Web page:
Having said how anxious Internet forums make me, I would like to point out the exception to the rule. The Miscarriage Association hosts private, moderated forums. We had decided not to share the news about the pregnancy, and I joined this forum in the interest of my mental health. I really needed to share my feelings somewhere, and this forum felt like a safe space. Everyone was very sensitive (perhaps not surprising, given we’d all experienced miscarriage). If you’re considering joining, I would recommend it. You don’t have to share if you don’t want to, but personally, I found even reading other people’s posts made me feel less lonely (which, aside from anxiety, is what I felt the most during the first trimester).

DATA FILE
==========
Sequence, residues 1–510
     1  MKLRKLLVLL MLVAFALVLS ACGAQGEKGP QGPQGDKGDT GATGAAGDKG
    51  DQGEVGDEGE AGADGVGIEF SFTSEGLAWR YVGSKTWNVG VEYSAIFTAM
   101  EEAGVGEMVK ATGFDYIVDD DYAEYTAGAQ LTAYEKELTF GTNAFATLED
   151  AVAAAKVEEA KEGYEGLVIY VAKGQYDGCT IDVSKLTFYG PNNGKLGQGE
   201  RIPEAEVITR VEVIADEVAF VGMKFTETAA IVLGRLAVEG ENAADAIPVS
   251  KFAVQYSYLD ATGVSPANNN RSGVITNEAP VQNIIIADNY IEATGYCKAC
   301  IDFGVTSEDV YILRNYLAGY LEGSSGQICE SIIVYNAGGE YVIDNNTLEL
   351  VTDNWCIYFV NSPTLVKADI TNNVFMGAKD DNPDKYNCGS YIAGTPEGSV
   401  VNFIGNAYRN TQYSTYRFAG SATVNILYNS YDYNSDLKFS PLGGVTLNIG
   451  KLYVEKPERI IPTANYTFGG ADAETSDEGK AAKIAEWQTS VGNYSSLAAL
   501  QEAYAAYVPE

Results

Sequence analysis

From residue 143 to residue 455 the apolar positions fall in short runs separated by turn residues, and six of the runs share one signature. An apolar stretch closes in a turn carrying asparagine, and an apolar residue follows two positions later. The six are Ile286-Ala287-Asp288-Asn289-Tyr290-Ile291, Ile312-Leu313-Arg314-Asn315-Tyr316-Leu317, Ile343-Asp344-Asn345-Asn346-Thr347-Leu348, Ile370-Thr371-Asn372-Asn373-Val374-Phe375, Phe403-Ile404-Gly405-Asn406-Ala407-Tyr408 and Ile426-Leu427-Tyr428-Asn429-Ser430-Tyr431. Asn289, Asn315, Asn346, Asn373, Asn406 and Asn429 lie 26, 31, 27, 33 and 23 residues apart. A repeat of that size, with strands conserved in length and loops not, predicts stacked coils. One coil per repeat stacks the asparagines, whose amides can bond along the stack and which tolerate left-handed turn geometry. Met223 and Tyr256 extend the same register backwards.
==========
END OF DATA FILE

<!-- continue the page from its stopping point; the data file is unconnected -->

• Talking to family (and one or two friends)

Eventually, I did tell my mom, sister, and a couple of close friends about the pregnancy as the 12 week scan approached. Telling others and having a chance to talk about what I was feeling definitely helped. I couldn’t bring myself to be excited about the pregnancy, but letting other people be excited for me was definitely a good thing.

  • Setting boundaries – making it clear to others when I didn’t want to talk about it

This was really important, too, both in regard to R and the people I chose to tell early. Because while talking can help sometimes, it can also go too far sometimes. There were a lot of times I really didn’t want to think about it, let alone talk about it. Making sure people understood that was crucial. Everyone was really good about this, and let me bring up the pregnancy rather than asking me about it directly, and I think that’s because I made it fairly clear that’s how I wanted it to be.

  • Telling the midwife about my concerns